The stomach is producing gastric acids that help break down food components. When environmental factors are in effect, they can alter the stomach’s pH balance and can disrupt the hydrochloric acid. Since stomach acidity is a double edge sword, it can go back and forth on the pH levels. High acidity in the stomach can cause acid reflux to the esophagus and decrease the likelihood of recolonizing beneficial microbes in the gut. Low acidity in the stomach can cause hypochlorhydria and develop digestive issues, nutrient deficiencies, and gastrointestinal infections. These products can help support the gastrointestinal system, as well as supporting the pH-optimized enzymes in both the gastric and intestinal function in the body.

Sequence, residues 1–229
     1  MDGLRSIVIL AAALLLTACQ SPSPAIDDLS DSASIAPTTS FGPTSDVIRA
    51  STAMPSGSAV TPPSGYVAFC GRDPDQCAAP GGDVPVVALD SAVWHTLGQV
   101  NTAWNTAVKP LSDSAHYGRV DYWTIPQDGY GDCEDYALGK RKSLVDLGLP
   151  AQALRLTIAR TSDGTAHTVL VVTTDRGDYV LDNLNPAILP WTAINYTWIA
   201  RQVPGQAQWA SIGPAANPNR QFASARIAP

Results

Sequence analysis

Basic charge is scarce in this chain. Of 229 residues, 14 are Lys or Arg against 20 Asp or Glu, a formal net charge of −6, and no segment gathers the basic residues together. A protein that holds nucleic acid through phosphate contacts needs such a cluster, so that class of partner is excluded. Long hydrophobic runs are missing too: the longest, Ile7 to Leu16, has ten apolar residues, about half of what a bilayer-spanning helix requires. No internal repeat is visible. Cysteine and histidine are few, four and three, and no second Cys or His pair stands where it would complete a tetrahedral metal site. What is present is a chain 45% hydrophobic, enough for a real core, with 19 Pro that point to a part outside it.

October is Chiropractic Health Month. To learn more about it, check out Governor Abbott’s proclamation on our website to get full details on this historic moment.

The scope of our information is limited to chiropractic, musculoskeletal and nervous health issues as well as functional medicine articles, topics, and discussions. We use functional health protocols to treat injuries or chronic disorders of the musculoskeletal system. To further discuss the subject matter above, please feel free to ask Dr. Alex Jimenez or contact us at 915-850-0900 .


Reference:

Beasley, DeAnna E, et al. “The Evolution of Stomach Acidity and Its Relevance to the Human Microbiome.” PloS One, Public Library of Science, 29 July 2015, http://www.ncbi.nlm.nih.gov/pmc/articles/PMC4519257/.

Britton, Edward, and John T. McLaughlin. “Ageing and the Gut.” Cambridge Core, Cambridge University Press, 12 Nov. 2012, http://www.cambridge.org/core/journals/proceedings-of-the-nutrition-society/article/ageing-and-the-gut/A85D096755F5F7652C262495ABF302A0/core-reader.